Articles Posted in Nursing Home Abuse and Negligence

Earlier this year, the coronavirus pandemic took the country by storm, quickly spreading from what was just a few select cities to every state in the nation. One of the first clusters of COVID-19 cases was in a Washington state nursing home, where at least 37 residents died as a result of the virus. Indeed, among those most at risk for developing serious and potentially fatal coronavirus symptoms are those living in Virginia nursing homes. Currently, several states have banned friends and family members from visiting loved ones in nursing homes in an attempt to stop – or at least – slow the spread of COVID-19.

However, at a time when one may think that nursing home regulations would be getting stricter, the opposite seems to be the case. According to a recent news report by the New York Times, the current administration has been working to relax the regulations that control the country’s nursing homes. Shockingly, this even includes measures designed to combat the spread of deadly infections between residents.

Last July, the Centers for Medicare and Medicaid Services (CMS) proposed a plan that would, among other things, relieve nursing homes from complying with an Obama-era rule requiring facilities to employ at least one specialist with knowledge of preventing infections. Under the proposed rule, facilities would no longer need even a part-time infection disease specialist, and instead would require such a specialist to spend “sufficient time at the facility.”

When a family entrusts a Virginia nursing home with the care of their loved one, the family rightfully expects the nursing home to engage in the proper care and treatment of their family member. Nursing homes and their employees owe their residents a duty of care to ensure their safety and well-being. In cases where a nursing home places a resident in danger or causes them harm, the resident or their family members may file a Virginia personal injury or wrongful death lawsuit against the facility.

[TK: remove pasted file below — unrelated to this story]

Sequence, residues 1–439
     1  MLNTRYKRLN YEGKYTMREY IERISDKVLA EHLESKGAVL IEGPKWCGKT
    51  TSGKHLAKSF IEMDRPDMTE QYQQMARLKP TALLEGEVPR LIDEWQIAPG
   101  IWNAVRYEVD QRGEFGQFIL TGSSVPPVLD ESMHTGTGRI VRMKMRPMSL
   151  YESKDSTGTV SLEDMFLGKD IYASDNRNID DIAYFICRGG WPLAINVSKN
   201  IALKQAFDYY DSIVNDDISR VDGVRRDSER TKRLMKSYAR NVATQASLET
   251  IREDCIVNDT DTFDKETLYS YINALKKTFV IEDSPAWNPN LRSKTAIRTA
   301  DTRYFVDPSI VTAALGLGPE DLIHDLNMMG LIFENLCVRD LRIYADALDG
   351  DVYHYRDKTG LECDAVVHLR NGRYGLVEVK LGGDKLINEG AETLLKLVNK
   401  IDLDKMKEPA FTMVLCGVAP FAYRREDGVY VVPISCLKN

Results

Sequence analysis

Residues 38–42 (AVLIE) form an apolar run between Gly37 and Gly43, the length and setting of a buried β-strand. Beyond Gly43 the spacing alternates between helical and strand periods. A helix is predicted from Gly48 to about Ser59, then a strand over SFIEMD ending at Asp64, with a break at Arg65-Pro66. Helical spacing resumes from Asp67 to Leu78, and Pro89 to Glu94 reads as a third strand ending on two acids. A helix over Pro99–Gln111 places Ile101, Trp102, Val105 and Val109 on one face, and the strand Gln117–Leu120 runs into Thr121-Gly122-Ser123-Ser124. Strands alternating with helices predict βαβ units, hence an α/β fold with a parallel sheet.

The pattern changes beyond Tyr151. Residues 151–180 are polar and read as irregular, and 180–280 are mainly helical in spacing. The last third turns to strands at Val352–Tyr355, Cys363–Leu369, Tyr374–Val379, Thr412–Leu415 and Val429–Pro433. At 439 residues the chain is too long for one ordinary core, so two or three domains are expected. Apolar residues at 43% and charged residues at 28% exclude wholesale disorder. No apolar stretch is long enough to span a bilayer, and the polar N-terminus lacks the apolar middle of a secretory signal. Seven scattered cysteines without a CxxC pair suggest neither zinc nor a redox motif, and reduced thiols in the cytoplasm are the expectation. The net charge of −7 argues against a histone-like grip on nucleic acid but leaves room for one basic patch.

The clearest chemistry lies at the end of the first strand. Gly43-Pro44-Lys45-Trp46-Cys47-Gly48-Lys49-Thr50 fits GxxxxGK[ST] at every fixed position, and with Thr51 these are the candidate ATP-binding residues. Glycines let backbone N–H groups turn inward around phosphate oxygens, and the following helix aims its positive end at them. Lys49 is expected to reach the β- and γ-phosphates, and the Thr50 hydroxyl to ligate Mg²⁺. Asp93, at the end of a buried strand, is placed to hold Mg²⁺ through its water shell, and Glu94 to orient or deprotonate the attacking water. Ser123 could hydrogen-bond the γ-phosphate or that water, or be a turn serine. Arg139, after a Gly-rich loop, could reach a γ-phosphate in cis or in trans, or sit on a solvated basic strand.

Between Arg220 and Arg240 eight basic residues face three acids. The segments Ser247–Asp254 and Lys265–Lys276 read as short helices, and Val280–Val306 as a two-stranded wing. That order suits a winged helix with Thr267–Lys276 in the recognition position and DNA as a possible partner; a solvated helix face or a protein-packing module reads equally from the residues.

Virginia takes nursing home abuse very seriously, and the legislature has enacted several laws specifically directed to protect nursing home residents. Additionally, nursing homes and their employees owe their residents a common-law duty to protect them from abuse. Protecting residents involves engaging in a vigorous hiring and training process. Included in this are extensive background checks and continuous reviews of their employees’ practices. When a nursing home fails to take these necessary steps, residents are often put in jeopardy.

Nursing home residents are especially vulnerable to abuse and neglect because they often lack some of their mental and physical faculties. For example, they may not be able to articulate or even remember the cause of their injuries. Some common types of abuse are physical, mental, sexual, and financial abuse. In these cases, the employee who engaged in abusive behavior may be held liable. Additionally, the nursing home may also be responsible based on the theory of vicarious liability or respondeat superior.

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